To misquote Simon Cowell: “I don’t like it . . . I loathe it.”
That was the X-Factor style response of the 999 operator to a prank rapper who rang in to sing: “Whoop, whoop, it’s da sound of da police.”
The classic line from a 1990s anti-authoritarian anthem may have been sung in fun, but officers were far from amused. And their response, on Twitter, went viral.
It was: “Good evening Preston. We’d like to remind people that we’re not a certain Saturday night TV show that involves singing and a record deal.
“So please refrain from calling 999 singing ‘Whoop, whoop it’s da sound of da police’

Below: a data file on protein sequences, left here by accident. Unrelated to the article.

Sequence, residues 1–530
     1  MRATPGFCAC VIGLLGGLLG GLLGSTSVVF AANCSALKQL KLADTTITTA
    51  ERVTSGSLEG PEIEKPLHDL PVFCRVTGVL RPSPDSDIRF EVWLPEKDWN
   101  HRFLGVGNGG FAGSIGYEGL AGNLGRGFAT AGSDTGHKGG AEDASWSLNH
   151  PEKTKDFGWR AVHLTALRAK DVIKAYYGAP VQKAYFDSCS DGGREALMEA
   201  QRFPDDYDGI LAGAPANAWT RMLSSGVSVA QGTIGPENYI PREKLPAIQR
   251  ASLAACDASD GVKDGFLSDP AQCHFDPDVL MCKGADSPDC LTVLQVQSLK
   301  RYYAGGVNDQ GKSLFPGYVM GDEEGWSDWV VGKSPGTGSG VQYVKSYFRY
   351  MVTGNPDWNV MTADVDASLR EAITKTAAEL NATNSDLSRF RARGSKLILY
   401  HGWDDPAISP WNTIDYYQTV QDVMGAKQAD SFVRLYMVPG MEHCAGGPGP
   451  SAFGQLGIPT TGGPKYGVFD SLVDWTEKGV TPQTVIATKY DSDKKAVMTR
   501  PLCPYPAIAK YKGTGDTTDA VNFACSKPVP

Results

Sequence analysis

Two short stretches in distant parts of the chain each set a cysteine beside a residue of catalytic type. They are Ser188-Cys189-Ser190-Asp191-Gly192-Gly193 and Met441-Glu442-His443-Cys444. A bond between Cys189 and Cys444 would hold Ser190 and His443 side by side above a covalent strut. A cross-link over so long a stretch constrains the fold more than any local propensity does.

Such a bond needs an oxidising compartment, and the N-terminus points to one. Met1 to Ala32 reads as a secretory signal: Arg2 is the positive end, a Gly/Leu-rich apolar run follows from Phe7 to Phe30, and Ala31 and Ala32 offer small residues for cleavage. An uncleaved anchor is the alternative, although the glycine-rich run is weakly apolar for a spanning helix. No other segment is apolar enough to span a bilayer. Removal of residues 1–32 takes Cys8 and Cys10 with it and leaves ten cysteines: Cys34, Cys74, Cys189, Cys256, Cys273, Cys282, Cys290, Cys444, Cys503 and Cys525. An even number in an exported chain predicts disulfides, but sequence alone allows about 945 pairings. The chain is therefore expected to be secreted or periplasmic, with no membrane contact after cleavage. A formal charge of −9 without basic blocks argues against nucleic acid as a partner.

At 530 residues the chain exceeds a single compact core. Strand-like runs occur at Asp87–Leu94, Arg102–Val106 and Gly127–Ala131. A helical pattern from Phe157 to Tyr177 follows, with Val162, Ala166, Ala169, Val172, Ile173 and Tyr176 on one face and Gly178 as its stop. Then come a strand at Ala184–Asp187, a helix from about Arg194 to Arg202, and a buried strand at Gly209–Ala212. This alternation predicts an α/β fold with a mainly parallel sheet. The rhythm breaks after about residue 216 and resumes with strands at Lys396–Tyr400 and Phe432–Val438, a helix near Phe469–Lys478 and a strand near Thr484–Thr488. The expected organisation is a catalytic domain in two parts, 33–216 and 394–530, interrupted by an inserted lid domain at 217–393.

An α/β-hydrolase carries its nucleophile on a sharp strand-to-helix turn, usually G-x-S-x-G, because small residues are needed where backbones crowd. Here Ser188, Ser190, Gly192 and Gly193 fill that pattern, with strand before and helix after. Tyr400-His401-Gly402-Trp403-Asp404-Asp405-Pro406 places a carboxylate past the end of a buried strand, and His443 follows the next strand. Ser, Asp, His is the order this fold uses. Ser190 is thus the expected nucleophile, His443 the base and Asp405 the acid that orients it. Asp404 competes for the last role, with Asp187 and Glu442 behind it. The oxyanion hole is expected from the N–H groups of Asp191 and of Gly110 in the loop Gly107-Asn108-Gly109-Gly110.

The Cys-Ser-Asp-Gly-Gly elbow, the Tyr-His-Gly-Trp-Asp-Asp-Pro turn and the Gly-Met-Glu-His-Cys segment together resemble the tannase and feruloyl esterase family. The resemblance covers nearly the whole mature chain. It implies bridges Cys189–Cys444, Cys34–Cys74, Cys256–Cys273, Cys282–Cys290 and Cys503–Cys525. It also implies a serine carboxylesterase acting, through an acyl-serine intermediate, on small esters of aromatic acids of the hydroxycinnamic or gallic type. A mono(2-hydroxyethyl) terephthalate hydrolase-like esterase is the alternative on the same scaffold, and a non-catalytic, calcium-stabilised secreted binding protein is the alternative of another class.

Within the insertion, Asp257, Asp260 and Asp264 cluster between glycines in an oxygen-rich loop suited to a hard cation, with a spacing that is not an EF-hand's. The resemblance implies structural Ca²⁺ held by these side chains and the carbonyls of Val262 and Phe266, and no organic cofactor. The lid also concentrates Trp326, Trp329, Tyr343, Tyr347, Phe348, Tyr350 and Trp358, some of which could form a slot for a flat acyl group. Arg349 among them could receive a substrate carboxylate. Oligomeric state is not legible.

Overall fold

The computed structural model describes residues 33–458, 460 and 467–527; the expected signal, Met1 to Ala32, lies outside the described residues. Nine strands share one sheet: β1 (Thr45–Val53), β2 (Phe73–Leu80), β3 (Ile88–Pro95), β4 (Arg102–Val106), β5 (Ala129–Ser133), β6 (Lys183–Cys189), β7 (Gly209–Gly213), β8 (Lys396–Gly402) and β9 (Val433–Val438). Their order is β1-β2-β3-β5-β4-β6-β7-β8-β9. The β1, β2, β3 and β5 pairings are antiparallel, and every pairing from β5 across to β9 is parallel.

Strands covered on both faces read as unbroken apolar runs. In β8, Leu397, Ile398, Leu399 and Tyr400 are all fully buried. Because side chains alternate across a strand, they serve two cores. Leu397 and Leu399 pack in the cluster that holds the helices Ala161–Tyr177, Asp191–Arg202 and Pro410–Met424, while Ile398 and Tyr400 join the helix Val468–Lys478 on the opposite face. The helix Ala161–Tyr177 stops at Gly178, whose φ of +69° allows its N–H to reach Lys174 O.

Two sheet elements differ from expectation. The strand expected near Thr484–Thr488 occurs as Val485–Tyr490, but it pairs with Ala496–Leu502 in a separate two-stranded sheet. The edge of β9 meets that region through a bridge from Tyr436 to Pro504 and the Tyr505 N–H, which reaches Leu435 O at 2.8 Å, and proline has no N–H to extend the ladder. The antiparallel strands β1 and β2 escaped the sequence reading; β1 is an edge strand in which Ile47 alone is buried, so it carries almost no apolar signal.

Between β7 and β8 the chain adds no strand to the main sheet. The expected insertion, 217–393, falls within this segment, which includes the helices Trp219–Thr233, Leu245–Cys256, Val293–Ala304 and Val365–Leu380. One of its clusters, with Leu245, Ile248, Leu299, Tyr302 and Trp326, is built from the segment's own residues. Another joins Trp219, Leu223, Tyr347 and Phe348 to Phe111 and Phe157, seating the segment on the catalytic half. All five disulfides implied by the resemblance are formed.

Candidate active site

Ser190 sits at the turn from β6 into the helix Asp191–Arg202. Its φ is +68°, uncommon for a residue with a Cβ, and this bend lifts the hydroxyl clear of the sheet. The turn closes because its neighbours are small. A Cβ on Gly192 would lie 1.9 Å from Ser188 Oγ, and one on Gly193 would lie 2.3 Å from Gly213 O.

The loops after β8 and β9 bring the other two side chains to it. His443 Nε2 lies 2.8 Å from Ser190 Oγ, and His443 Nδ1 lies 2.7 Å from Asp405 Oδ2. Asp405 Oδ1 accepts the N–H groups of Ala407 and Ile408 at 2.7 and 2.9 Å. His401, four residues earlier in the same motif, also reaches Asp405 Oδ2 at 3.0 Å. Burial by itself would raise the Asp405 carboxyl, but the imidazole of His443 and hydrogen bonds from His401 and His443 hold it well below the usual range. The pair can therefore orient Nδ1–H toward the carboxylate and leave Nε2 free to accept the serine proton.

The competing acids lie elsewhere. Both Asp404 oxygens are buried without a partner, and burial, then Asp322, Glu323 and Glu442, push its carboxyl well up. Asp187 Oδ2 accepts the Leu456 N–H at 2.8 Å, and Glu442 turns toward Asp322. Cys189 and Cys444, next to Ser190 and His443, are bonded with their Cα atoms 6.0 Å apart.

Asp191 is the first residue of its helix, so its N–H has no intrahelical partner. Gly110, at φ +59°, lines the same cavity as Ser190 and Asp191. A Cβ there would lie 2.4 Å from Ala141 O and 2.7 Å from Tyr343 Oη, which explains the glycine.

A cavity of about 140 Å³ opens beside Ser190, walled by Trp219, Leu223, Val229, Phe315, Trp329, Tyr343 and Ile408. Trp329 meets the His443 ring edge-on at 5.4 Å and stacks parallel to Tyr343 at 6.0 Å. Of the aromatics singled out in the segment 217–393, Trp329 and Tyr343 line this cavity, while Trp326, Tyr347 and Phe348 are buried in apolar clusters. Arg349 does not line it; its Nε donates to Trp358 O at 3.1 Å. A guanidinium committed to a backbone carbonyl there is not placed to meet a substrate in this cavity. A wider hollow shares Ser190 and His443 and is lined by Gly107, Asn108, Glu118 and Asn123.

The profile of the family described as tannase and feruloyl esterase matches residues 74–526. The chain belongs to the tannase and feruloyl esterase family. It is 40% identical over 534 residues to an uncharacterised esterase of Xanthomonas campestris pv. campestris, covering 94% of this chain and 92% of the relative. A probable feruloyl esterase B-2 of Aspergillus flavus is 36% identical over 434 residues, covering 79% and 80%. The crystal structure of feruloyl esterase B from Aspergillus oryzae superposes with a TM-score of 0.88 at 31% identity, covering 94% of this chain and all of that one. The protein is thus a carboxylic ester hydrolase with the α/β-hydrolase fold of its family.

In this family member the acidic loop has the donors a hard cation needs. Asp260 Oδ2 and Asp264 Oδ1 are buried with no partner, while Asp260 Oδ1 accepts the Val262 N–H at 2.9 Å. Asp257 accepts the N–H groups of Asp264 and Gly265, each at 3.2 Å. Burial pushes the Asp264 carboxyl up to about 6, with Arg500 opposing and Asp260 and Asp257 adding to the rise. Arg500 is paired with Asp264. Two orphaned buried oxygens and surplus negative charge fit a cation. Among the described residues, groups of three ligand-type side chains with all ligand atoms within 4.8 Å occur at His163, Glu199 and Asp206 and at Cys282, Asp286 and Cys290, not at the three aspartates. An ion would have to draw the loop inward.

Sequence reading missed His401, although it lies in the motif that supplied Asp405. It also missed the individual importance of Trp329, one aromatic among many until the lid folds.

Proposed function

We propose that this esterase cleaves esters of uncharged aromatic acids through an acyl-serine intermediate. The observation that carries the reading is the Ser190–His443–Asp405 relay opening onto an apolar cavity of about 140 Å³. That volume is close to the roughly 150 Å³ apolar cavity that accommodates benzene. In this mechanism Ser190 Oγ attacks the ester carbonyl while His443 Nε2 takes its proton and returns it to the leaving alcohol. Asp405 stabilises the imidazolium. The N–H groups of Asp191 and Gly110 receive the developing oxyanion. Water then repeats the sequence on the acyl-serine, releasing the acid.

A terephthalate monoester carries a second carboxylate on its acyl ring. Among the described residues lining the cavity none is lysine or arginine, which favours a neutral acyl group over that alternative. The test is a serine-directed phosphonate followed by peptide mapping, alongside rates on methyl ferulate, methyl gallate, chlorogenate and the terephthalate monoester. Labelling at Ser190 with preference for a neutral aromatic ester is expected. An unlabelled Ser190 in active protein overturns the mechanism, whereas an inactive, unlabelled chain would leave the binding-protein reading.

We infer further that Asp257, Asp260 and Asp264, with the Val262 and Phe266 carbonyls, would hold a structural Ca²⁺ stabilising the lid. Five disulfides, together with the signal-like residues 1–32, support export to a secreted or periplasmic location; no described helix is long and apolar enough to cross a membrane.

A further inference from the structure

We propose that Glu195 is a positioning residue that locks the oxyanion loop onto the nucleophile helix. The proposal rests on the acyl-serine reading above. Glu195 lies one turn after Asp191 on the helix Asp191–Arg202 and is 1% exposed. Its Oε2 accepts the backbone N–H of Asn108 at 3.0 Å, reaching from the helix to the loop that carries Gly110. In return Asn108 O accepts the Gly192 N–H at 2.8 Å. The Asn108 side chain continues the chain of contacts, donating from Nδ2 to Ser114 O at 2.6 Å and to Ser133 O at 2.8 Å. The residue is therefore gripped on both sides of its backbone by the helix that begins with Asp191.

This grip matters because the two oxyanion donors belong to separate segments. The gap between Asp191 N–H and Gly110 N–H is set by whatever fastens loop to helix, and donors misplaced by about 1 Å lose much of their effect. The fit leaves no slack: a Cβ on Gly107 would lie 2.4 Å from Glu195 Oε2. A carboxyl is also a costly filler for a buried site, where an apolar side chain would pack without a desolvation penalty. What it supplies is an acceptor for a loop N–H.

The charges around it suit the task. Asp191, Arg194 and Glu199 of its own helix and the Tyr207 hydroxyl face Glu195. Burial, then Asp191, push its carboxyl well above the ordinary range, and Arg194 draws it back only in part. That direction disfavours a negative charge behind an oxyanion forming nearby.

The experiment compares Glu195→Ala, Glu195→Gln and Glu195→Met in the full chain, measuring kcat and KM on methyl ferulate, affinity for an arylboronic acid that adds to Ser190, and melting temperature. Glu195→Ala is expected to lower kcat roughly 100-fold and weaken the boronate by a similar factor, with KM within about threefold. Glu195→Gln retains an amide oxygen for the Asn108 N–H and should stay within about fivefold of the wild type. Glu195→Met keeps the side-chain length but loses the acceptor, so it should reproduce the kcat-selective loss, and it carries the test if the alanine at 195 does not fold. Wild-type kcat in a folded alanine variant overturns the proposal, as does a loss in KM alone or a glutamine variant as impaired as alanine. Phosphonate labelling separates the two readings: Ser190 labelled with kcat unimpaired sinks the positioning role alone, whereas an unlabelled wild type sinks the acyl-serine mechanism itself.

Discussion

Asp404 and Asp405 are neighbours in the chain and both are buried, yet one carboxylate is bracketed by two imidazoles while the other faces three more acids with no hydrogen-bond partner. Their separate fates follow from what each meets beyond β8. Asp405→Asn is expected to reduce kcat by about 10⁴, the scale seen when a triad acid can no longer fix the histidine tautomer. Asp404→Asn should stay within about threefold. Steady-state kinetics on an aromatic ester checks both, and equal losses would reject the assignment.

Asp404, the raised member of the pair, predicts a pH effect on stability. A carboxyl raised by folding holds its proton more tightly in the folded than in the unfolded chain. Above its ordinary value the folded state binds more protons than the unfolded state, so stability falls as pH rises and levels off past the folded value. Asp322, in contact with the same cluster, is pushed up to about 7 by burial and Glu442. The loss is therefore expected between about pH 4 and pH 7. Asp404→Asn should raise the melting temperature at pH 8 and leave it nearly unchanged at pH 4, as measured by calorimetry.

“ If it’s a record you’re after, we have a very special one available that could cost you a £90 fine or an appearance at court.
“Hoax calls to emergency services cost lives! Thanks.”
The message was a clear warning to anyone else pondering a call to 999 along similar lines.
Police say all emergency calls are recorded and can be easily traced, resulting in some cases in a fine or a visit to magistrates court.
A spokesman for Lancashire Constabulary said the warning had followed a “one off” call on Tuesday night.
He confirmed the force had not experienced a sudden surge in hoax calls – although even one was too many.
New York rapper KRS-One, real name Lawrence Parker, released “Sound Of Da Police” in 1993 as a clear condemnation of what he saw as police oppression.
The number was covered by Rage Against The Machine, the band which took on Simon Cowell – and won – in 2009 in protest at X-Factor winners claiming an almost automatic Christmas No 1 in the UK singles chart.